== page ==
The above scenario was considered quite probable, at least in the Jutland and North Coast operational direction, remaining in the Polish Army's special circle of interests.

As reported in the secret studies, in the early 1980s, in the northeastern part of Lower Saxony, in a border zone 70 km wide and 100 km deep, 410 mine chambers were identified in 102 nodes.
Their distribution in five strips with a depth of 20 km was scattered. However, Polish analysts paid particular attention to the high saturation of installations south of Hamburg, exceeding four nodes per 100 km2.

Due to the numerous rivers and the lowland-swampy nature of the area, the northern coastal area was considered very susceptible to flooding.
...
Serious risks and obstacles to the movement of troops would also be the vast marshy and swampy areas where any move would be possible only along the roads - the most convenient place to set up mine.

The experts also assessed meteorological conditions and the potential radioactive contamination, which were extremely unfavorable for our troops attacking from the east due to the average wind direction and speed.

The predominance of winds blowing from the west would contaminate a significant part of the operational group of the army, while in the case of winds from the north movement - even the entire main group of the army, including its rear.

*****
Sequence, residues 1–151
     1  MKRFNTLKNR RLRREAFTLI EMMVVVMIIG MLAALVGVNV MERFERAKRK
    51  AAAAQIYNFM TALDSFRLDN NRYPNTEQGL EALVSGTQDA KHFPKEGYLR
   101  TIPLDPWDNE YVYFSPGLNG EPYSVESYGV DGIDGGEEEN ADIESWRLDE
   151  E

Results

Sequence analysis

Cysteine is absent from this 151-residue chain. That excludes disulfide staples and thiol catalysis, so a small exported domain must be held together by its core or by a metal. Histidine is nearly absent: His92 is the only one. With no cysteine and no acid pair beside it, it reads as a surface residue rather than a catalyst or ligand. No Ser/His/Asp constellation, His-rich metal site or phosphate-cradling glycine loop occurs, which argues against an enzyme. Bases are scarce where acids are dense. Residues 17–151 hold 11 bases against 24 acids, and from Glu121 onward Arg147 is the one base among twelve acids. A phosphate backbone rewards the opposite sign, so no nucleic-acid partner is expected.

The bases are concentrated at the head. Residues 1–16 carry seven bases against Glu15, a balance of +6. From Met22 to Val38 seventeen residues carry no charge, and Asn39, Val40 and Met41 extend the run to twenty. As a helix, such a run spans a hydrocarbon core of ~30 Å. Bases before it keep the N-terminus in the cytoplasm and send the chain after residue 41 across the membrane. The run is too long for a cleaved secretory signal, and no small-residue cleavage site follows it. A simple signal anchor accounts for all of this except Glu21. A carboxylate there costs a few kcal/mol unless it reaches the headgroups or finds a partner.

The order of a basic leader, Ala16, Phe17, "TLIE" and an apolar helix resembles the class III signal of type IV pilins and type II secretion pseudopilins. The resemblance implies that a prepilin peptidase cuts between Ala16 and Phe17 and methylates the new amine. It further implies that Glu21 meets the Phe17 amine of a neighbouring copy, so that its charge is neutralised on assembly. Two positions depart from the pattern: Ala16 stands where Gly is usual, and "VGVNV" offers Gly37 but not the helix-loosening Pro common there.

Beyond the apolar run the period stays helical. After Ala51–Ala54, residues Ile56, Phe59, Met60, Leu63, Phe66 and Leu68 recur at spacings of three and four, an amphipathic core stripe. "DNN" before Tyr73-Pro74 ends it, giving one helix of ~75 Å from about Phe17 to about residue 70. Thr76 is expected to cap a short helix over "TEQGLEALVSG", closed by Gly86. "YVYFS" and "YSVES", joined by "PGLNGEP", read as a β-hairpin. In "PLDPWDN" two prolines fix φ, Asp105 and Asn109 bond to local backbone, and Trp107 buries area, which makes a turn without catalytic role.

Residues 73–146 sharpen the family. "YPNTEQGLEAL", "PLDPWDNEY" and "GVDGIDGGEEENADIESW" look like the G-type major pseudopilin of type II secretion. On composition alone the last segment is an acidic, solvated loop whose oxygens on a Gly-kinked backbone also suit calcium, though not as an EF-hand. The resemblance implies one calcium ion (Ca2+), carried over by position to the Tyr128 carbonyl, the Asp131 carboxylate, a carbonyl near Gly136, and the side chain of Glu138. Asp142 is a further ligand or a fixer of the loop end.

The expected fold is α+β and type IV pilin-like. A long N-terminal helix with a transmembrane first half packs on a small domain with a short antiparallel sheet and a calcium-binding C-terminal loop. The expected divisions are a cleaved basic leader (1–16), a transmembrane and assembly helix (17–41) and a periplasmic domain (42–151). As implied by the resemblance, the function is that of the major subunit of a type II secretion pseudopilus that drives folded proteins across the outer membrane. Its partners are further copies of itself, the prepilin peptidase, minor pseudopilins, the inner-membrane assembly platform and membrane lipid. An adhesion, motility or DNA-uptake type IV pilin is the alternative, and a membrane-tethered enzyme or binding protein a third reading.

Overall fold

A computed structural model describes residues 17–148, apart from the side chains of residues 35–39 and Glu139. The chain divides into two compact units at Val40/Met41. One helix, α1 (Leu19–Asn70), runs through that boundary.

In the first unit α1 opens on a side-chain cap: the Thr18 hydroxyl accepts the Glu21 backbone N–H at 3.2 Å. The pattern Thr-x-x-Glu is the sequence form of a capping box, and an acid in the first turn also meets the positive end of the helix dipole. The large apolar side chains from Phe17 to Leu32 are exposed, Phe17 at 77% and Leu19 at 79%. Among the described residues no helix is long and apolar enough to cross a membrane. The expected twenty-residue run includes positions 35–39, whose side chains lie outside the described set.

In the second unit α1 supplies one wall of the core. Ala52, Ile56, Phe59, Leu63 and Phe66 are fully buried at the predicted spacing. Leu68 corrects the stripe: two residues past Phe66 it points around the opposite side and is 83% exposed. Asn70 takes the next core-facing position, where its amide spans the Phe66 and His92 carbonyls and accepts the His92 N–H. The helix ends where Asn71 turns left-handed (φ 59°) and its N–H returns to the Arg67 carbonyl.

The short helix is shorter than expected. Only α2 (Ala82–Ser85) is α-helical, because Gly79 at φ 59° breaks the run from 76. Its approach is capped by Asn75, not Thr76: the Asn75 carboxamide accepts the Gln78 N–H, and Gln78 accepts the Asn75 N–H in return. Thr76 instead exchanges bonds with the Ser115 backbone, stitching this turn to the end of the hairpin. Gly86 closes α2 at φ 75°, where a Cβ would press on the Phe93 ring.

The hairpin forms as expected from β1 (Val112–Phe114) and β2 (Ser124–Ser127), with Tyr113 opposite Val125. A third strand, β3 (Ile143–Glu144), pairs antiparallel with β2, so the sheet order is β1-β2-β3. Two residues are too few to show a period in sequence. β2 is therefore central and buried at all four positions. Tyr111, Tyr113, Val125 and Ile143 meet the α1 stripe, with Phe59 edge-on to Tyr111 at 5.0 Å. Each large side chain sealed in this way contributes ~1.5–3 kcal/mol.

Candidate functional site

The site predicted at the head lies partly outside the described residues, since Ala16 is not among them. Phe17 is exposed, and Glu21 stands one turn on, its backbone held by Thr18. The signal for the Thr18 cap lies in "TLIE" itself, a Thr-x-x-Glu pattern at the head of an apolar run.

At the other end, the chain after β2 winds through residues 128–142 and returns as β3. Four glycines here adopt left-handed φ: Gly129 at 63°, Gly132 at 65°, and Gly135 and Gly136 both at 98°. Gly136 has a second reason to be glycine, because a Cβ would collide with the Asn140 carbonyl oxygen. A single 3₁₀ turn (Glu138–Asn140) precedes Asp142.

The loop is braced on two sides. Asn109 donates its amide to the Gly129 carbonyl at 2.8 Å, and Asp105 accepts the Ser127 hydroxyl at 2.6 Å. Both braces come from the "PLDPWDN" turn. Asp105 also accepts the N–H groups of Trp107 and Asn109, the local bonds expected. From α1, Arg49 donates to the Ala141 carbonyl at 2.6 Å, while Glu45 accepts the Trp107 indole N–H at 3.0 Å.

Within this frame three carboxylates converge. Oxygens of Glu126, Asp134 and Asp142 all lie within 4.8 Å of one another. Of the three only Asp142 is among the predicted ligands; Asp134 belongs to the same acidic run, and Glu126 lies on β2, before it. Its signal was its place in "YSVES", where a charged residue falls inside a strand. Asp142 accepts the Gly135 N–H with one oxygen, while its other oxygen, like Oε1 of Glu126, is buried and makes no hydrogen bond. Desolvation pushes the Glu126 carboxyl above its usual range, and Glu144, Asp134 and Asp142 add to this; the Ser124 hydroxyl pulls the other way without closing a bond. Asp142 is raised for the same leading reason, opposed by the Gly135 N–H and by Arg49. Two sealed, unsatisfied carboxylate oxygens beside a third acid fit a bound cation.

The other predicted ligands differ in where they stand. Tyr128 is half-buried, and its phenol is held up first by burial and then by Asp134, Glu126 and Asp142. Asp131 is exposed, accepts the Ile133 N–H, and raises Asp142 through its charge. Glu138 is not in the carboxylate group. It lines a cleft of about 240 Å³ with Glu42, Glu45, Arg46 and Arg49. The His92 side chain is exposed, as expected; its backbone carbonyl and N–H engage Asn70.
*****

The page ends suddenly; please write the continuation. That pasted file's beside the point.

In these circumstances, strictly academic considerations were given to the possibility of the need to cross the contaminated area or find a way around it.
A forecast of contamination in the northern coastal area of operation.
Wind direction 300 degrees, average wind speed - 50 km/h.
[the map is 140x100 miles]
map.jpg
brown - zone of particularly dangerous contamination (dose rate 1 hour after the explosion - more than 3000 R/h)
red - dangerous contamination zone (dose rate 1 hour after the explosion - 800 R/h)
green - heavy contamination zone (dose rate 1 hour after the explosion - 240 R/h)
blue lines - the most unfavorable direction for crossing contaminated zones
red lines - the most favorable direction for crossing contaminated zones
Miny jadrowe w zimnowojennej koncepcji „spalonej ziemi" by Zbigniew Zielonka
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Re: Communist forlon hope - crossing Trettner's nuclear mine belt

Post by LineDoggie » 12 Nov 2023 23:54

horse dung
"There are two kinds of people who are staying on this beach: those who are dead and those who are going to die. Now let’s get the hell out of here".
Col. George Taylor, 16th Infantry Regiment, Omaha Beach

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Re: Communist forlon hope - crossing Trettner's nuclear mine belt

Post by wm » 18 Nov 2023 23:29

Intelligence services of the Warsaw Pact countries were trying to determine the organization of nuclear mining units.
Secret documents said that the mines were to be placed by groups of 5-6 soldiers led by a staff sergeant. They had a truck with a trailer. Their safety was provided by at least an infantry platoon. These several dozen security soldiers were also responsible for ensuring that there were no civilians in the explosion zone. Great emphasis was placed on masking activities. Therefore, camouflage teams would go into the field together with the mine-laying group.